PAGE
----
When Volunteers Have Had Enough

Thomas Costello Church Leadership Leave a Comment

Churches can’t survive without volunteers. With few paid staff, church volunteers take on a wide variety of important tasks.

However, you can push volunteers too far. When they’ve had enough, they stop volunteering completely, leaving the church high and dry.

It’s important to keep your volunteers happy and motivated. Without them, it’s impossible to run the church, keep the church growing and run ministry programs.

Most Programs And Groups Stop

When you push volunteers to the point where they’ve had enough, they step away from their tasks. Stop and think about all the different programs and ministry groups that are run completely by volunteers. Could your church afford to stop almost everything but regular services? Your volunteers are your ministry. Without them, the running of your church comes to a grinding halt.

Overall Attendance Drops

No church wants to see attendance dropping. While most members miss one or two services a month, volunteers who don’t feel appreciated or they’re pushed too hard may stop coming altogether. They’ll seek out a new church family that better appreciates all they have to offer. You’re not just losing volunteers. You’re also losing members. If they leave, friends and family may also leave.

New Growth Starts To Decline

Volunteers and members are vital in helping bring in new members. While having a website and social presence help, if you’re treating your volunteers badly, any new members you bring in from those sources probably won’t stay long. New growth is hard enough as it is.

Church volunteers are often the ones responsible for outreach programs that help bring in the unchurched. They invite friends, family and co-workers. They also welcome new members and make them feel like part of the family. Pushing away the volunteers who help boost growth drastically slows down any new growth in your church.

Members Become Stressed

The church is like one massive family. When your entire family is in the same room and part of the family is stressed and frustrated, the others will feel it. When church volunteers have enough, their entire attitude changes. Part of worshipping is also serving. If they don’t feel like they can even do that, they’ll have a negative attitude towards the church.

This attitude causes strife among the members. Tensions rise and before you know it, members are bickering or staying distracted during services. Some may even leave to find a more positive environment.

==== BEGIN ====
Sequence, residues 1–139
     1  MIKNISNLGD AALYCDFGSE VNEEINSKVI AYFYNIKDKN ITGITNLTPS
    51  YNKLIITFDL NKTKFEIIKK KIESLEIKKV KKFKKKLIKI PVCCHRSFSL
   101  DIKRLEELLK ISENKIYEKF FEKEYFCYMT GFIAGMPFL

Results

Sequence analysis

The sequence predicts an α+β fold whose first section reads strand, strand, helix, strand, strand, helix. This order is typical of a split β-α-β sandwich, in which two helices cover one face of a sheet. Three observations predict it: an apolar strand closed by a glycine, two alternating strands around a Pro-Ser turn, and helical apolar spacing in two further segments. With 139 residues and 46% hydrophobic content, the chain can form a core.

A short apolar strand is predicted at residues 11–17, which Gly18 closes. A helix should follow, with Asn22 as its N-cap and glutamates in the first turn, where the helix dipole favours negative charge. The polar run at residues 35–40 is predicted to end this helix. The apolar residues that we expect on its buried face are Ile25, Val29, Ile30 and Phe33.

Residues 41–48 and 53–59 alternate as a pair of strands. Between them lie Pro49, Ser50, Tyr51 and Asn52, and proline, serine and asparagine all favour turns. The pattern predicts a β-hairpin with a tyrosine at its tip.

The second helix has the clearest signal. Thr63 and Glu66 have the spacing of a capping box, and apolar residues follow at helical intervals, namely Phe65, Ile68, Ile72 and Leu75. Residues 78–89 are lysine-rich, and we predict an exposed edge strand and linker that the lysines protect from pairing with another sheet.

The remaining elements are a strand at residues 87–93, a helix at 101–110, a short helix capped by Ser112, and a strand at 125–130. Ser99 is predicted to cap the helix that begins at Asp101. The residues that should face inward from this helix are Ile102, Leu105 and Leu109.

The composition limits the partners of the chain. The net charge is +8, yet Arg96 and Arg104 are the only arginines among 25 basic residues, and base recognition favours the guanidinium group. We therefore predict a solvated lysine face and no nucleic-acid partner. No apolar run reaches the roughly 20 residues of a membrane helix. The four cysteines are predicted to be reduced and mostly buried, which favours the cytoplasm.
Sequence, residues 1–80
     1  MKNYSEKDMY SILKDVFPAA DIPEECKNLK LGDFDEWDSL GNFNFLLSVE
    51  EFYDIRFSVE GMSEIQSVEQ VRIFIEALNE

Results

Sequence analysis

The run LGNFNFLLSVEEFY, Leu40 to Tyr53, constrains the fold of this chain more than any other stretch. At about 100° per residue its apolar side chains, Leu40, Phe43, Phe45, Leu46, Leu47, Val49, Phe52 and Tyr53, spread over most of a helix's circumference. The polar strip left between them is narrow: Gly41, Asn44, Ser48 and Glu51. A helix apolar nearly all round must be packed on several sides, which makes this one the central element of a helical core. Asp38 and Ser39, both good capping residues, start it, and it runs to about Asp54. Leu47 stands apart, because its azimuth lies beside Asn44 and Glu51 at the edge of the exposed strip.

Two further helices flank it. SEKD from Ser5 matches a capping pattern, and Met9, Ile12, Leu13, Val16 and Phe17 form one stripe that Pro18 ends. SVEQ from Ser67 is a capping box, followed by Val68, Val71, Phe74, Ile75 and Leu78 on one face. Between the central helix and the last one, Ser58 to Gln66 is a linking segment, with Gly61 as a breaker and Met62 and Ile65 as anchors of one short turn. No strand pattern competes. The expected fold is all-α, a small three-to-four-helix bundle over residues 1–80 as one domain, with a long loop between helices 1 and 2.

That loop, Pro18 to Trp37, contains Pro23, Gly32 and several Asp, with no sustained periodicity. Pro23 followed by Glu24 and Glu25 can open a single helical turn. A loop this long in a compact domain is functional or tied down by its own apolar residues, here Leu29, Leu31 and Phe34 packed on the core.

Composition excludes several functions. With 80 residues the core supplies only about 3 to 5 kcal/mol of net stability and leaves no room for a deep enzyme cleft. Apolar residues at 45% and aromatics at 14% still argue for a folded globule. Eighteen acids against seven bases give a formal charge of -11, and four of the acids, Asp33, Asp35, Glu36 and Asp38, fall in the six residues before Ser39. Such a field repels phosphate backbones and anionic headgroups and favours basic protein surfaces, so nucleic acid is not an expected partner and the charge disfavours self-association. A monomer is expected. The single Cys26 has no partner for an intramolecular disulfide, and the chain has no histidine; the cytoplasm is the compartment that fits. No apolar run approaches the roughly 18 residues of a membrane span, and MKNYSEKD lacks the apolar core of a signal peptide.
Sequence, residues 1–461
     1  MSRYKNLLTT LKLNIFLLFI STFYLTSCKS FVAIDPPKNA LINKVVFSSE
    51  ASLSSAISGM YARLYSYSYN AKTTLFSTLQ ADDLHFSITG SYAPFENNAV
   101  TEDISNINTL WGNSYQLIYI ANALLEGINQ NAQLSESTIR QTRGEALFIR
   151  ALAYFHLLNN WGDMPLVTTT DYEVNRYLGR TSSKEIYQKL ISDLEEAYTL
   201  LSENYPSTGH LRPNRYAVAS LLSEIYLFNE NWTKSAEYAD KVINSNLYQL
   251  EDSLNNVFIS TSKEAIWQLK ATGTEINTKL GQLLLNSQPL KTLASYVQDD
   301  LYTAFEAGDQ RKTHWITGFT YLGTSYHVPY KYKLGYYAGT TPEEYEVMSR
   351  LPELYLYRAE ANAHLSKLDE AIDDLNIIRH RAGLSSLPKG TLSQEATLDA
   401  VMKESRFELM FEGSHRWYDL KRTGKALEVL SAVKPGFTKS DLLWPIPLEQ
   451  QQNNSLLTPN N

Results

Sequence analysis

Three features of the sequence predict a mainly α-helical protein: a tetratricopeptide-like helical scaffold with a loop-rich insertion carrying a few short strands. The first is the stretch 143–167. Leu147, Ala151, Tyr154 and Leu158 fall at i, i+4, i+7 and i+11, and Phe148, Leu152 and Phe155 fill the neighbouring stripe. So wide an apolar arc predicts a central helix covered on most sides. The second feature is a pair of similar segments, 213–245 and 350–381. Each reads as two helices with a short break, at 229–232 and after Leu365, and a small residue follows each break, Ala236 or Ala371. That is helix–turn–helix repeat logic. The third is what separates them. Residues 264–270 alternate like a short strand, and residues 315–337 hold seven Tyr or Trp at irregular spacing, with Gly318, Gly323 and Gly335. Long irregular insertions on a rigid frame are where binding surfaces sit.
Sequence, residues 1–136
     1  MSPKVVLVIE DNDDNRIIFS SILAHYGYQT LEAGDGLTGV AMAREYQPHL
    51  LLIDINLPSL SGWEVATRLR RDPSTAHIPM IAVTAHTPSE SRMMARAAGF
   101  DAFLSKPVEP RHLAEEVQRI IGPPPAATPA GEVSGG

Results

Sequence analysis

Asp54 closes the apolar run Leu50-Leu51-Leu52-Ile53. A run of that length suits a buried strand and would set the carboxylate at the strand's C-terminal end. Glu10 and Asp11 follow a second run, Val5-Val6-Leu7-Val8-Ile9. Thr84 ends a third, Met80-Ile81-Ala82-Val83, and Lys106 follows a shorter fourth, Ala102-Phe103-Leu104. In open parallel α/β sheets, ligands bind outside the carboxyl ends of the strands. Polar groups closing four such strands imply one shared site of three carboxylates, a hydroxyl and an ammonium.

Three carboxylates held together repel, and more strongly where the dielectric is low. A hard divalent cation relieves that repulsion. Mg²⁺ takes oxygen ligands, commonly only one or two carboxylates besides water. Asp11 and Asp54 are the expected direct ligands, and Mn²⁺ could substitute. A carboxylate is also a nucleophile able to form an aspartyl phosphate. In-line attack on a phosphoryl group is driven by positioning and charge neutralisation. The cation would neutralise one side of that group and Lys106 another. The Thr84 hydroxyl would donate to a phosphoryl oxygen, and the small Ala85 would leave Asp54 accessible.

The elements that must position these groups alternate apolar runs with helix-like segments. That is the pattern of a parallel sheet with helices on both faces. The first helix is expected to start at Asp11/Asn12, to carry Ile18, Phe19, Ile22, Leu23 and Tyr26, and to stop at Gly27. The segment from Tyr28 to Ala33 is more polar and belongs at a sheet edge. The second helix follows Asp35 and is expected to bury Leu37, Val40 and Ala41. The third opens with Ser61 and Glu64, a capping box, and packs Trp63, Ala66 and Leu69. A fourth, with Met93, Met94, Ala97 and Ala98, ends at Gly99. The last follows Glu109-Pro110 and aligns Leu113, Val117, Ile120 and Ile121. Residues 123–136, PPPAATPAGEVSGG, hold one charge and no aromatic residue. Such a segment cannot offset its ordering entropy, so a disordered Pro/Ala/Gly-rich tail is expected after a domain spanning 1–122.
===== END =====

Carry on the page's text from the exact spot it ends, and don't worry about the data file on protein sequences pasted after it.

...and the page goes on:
Church Leaders Feel Unworthy

Naturally, church leaders are going to feel unworthy for pushing volunteers past their limits. In most cases, leaders don’t mean to do anything wrong. For instance, a church leader might have a bad habit of micro-managing volunteers. Doing this too much pushes volunteers and members away.

When church leaders seem to lack confidence, the volunteers who are trying to stick it out tend to leave too. Plus, the entire church family starts to lose morale and motivation.

Solving The Problems

Even if your church volunteers have had enough, you shouldn’t give up hope. God forgives and so will your members and volunteers. You just need to act quickly to stop any negative side effects. The first step is to stop pushing your volunteers away. A few common mistakes include:

  • Guilting them into doing more than they have time or energy for
  • Refusing to hear their ideas
  • Pushing them into opportunities that don’t suit them
  • Micro-managing
  • Never offering leadership opportunities
  • Always focusing on what went wrong instead of what went right

Talk to your volunteers to find out why they’re frustrated and ready to leave. You’ll be amazed at how much you learn. It’s okay to admit if you’re making mistakes, just as long as you’re ready to correct them.

The next step is to start actively recruiting new volunteers. By treating them right from day one, you’ll have highly motivated church volunteers that are ready to help the church grow and thrive.

Are you trying to recruit new volunteers or engage volunteers who’ve left? Use your church website to recruit and connect with your volunteers.

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